Delegitimisation: myths and reality


By Martin Bright
May 20, 2011
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This is a short speech I gave to the We Believe in Israel conference on Sunday May 15th:

It is of paramount importance that supporters of Israel do not simply brand those who disagree with us as delegitimisers. I have been spending a lot of time recently reading some of the more vocal and articulate critics of Israel. Jacqueline Rose's Question of Zion is on my bedside table and Gideon Levy's The Punishement of Gaza is in my pocket today. In order to make the progressive case for Israel (one which I believe must be made) I believe it is important to understand the arguments one's opponents make. This is especially true when someone has spend so much time reporting on the ground, as is the case with Gideon Levy, or when they have such an impeccable academic reputation in other fields, such as Jacqueline Rose.
This may come as a surprise to this audience, but neither are, in my view, delegitimisers. They may feed into the arguments for delegitimisation and it is certain that Jacqueline Rose's view of what Israel should be may not represent anything people in this room would recognise as Israel.
But the real problem lies elsewhere. The issue is that the arguments of those who would destroy Israel and do its people harm have begun to enter the mainstream dinner-party chatter of liberal Britain.
I am asked all the time how, as a signed-up member of the north London chatterati, I can stomach being the political editor of the Jewish Chronicle. A good friend of mine is the chair of the British-Syria Society and I can tell you that it's only very recently that she has been asked how she can stomach that role.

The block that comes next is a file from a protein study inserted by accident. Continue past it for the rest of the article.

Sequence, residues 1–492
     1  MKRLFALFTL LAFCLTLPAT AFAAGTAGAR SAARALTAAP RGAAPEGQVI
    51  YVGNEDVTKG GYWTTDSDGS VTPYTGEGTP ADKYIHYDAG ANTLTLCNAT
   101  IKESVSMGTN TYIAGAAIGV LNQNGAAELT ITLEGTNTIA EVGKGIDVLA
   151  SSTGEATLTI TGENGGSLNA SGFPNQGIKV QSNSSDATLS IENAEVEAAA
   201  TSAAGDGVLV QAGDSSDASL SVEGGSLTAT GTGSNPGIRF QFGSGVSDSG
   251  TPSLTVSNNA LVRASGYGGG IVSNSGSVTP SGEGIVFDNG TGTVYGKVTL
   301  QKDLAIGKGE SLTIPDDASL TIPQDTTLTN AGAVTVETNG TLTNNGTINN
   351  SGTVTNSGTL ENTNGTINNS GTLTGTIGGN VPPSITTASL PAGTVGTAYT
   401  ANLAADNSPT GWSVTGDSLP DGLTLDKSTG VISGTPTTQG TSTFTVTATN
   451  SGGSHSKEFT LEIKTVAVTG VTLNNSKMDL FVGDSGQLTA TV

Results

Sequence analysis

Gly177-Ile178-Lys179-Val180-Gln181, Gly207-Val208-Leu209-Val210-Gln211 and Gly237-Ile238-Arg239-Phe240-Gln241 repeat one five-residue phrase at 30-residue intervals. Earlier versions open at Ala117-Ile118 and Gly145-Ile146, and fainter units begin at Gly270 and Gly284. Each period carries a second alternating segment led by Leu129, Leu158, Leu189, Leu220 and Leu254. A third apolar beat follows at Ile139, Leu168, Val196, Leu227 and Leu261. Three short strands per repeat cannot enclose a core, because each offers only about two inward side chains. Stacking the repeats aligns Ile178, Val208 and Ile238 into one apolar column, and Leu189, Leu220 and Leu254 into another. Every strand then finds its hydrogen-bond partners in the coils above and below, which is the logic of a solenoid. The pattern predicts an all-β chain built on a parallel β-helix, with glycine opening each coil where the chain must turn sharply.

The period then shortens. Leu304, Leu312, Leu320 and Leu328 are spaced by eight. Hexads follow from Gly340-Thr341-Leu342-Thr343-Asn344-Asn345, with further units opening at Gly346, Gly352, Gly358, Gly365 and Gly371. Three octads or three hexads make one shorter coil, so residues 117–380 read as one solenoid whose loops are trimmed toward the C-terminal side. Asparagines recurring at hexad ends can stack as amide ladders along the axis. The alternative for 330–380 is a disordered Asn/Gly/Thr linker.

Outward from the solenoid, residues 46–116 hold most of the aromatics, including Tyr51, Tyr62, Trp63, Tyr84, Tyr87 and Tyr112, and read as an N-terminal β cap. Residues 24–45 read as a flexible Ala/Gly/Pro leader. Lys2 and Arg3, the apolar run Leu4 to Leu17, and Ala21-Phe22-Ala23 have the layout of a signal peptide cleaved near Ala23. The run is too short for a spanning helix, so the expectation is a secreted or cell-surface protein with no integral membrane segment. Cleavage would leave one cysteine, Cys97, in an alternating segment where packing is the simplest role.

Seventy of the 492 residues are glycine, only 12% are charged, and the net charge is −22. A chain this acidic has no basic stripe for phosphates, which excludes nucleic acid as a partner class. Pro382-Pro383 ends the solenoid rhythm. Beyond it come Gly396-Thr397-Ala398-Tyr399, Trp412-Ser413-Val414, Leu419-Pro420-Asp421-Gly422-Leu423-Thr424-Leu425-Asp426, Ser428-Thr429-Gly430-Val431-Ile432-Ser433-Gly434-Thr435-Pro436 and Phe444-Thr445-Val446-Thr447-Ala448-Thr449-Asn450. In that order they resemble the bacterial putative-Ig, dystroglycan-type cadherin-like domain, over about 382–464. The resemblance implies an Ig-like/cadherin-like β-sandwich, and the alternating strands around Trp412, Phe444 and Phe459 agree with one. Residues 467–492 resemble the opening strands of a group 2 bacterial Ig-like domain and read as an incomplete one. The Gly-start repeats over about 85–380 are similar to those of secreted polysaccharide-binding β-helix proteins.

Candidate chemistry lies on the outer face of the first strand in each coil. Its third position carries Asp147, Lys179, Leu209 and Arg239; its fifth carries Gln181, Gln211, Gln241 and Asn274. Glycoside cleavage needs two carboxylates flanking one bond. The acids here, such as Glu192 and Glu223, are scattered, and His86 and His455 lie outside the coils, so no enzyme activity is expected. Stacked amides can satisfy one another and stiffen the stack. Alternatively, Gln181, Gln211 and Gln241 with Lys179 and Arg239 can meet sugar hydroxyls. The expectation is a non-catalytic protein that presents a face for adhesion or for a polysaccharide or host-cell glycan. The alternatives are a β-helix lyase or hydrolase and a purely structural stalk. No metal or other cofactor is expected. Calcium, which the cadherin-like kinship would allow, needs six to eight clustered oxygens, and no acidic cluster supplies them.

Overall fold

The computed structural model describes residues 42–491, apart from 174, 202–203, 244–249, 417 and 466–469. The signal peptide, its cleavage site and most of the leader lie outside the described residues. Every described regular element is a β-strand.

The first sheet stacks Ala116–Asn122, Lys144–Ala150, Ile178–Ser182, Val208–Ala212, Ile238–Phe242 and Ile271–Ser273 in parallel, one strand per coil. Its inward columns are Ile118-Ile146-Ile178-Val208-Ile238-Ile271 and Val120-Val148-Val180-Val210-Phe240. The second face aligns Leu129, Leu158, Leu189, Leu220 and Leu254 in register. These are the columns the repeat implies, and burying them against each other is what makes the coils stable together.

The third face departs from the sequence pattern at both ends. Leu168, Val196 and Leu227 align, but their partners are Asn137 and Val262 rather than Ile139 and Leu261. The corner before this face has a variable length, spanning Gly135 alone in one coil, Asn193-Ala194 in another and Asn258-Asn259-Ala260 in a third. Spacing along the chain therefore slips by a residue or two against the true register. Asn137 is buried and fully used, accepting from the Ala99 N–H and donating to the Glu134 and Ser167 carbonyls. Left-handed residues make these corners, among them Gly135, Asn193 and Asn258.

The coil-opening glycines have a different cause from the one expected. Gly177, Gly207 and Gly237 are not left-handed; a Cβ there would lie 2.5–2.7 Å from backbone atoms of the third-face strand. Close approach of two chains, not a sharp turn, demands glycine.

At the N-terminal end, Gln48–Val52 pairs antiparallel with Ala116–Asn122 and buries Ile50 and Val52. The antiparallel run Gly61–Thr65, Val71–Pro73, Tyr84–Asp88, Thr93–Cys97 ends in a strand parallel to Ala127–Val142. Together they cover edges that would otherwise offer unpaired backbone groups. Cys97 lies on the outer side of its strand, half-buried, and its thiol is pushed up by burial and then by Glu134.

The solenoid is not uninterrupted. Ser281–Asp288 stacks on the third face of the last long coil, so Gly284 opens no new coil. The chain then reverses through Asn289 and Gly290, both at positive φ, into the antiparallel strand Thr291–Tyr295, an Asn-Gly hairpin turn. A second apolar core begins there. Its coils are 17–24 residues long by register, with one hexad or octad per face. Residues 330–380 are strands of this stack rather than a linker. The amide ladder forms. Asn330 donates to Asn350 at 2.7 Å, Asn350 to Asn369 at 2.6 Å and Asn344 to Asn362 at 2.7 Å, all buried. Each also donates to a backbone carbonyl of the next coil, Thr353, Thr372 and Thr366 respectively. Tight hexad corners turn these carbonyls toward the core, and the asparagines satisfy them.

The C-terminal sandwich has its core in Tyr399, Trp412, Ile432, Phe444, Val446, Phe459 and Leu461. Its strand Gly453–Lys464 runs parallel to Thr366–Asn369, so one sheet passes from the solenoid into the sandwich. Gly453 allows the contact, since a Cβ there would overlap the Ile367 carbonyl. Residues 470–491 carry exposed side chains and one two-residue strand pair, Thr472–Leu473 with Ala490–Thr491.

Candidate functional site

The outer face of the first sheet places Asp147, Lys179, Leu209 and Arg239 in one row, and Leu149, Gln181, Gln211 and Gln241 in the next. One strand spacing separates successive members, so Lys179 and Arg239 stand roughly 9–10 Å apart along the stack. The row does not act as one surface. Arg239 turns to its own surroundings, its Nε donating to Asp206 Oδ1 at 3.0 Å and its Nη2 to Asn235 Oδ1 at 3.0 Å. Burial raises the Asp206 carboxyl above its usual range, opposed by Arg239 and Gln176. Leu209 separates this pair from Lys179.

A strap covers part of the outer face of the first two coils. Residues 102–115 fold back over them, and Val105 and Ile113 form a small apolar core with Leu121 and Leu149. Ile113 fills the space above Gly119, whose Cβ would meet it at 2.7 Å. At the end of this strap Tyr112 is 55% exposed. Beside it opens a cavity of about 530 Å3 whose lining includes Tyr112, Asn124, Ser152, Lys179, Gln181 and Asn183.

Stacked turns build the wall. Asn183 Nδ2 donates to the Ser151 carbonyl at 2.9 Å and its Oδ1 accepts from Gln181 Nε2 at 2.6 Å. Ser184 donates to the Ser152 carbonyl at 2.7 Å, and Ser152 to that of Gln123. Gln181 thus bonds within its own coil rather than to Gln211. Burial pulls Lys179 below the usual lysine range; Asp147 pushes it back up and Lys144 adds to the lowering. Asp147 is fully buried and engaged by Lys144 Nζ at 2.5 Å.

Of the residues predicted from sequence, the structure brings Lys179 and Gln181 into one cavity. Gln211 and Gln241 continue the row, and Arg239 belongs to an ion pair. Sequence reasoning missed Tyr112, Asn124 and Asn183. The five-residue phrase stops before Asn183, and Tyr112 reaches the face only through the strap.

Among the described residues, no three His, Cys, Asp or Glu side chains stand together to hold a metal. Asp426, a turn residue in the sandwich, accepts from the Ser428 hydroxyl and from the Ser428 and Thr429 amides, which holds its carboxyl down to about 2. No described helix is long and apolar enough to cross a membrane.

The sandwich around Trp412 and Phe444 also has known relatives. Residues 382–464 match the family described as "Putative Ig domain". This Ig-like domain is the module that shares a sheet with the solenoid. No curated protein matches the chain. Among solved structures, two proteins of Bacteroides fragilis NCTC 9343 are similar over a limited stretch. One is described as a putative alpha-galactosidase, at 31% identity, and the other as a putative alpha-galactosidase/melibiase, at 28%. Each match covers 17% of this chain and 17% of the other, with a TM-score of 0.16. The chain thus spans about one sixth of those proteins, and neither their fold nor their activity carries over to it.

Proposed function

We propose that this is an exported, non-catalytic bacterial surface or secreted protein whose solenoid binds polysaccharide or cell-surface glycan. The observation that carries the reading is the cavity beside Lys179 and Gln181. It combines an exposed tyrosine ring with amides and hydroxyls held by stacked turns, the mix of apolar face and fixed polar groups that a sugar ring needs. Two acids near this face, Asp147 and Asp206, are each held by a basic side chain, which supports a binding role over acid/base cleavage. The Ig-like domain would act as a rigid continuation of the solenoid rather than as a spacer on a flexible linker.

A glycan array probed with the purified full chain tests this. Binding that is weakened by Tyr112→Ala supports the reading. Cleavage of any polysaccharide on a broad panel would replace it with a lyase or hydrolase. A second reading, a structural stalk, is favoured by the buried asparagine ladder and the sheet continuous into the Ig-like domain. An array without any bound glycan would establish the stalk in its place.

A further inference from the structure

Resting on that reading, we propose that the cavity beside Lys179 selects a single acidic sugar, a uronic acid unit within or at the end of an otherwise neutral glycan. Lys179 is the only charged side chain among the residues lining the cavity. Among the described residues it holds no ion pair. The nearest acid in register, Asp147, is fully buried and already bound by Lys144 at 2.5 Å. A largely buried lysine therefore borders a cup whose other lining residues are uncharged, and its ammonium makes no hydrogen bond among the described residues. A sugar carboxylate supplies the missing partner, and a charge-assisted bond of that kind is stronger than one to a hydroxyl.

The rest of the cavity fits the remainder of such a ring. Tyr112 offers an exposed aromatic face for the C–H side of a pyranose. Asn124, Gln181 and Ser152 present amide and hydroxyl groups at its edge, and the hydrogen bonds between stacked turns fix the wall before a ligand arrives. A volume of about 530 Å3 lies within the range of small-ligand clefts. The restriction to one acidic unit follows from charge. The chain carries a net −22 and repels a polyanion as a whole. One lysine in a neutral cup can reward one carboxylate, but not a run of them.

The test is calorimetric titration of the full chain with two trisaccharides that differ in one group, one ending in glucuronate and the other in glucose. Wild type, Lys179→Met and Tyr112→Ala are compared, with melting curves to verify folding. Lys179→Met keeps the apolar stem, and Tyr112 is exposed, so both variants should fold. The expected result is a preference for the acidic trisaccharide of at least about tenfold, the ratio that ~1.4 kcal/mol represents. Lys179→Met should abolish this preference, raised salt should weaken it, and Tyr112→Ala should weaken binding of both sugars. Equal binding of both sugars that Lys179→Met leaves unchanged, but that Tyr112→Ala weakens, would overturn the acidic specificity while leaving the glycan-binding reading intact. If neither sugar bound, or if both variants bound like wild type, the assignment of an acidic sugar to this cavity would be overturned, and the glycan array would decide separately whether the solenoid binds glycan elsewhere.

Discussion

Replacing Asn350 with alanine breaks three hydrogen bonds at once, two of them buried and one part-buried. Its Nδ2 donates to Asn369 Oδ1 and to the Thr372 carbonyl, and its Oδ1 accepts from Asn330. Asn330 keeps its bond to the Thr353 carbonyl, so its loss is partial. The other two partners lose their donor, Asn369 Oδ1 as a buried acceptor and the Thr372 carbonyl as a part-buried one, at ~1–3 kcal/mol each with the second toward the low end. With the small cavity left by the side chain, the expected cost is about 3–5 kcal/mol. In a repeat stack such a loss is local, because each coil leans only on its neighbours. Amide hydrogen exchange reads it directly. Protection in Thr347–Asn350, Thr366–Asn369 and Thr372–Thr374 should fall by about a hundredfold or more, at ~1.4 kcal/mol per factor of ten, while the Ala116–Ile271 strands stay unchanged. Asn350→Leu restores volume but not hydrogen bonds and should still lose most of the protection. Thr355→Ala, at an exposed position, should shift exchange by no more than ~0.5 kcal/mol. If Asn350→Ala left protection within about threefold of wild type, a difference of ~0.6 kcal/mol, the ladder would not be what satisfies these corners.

This is why it was possible to invite a senior representative of Hamas onto the stage at the Hay Book Festival, as I wrote in the JC this week, and yet senior Israeli politicians and military figures face boycott or arrest.
Today's conference is a painfully unfashionable event. It is not "cool", as it once was, to support Israel. Delegitimisation is the new "radical chic" and this is what we are up against.

COMMENTS

Jonathan Hoffman

Fri, 05/20/2011 - 14:09

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http://www.guardian.co.uk/commentisfree/2009/feb/23/howard-jacobson-anti...

Of course Rose is a delegitimiser. Just look at her attempt to defend "Seven jewish children" from the charge of antisemitism (To see why it's antisemitic see here:

http://hurryupharry.org/2009/02/08/seven-jewish-children-a-play-for-gaza...

Please be careful. One of the most common arguments of the antisemites is that Israel advocatesd use the charge of 'antisemitism' to suppress criticism of Israel. It's nonsense. So is your suggestion that the label 'delegitimiser' is incorrectly used.

And what's this nonsense about the 'progressive' case for Israel" Progressive towards what? It's lefty drivel. The case for Israel is the same for lefties as it is for everyone else.That Jews have the right to a homeland.

Do you talk about the 'progressive case for France?'

Then why do you talk about the 'progressive case for Israel?'


Joe Millis

Fri, 05/20/2011 - 14:20

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Well said, Martin. If the people who scream "delegitimisation" at every criticism thought a little harder, there would be no need to make progressive cases for Israel. They are the people who are causing the hasnara disasters, them and nonsensical israeli policies.


StevenKalka

Tue, 05/24/2011 - 13:33

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While I think the charge of "delegitimisation" is appropriate to use against the 'Boycott and Divest' crowd, I do agree that it shouldn't be used against every criticism of Israel. We may expect Israel to adhere to a high ethical standard, it isn't perfect and criticism is part of the normal democratic process.

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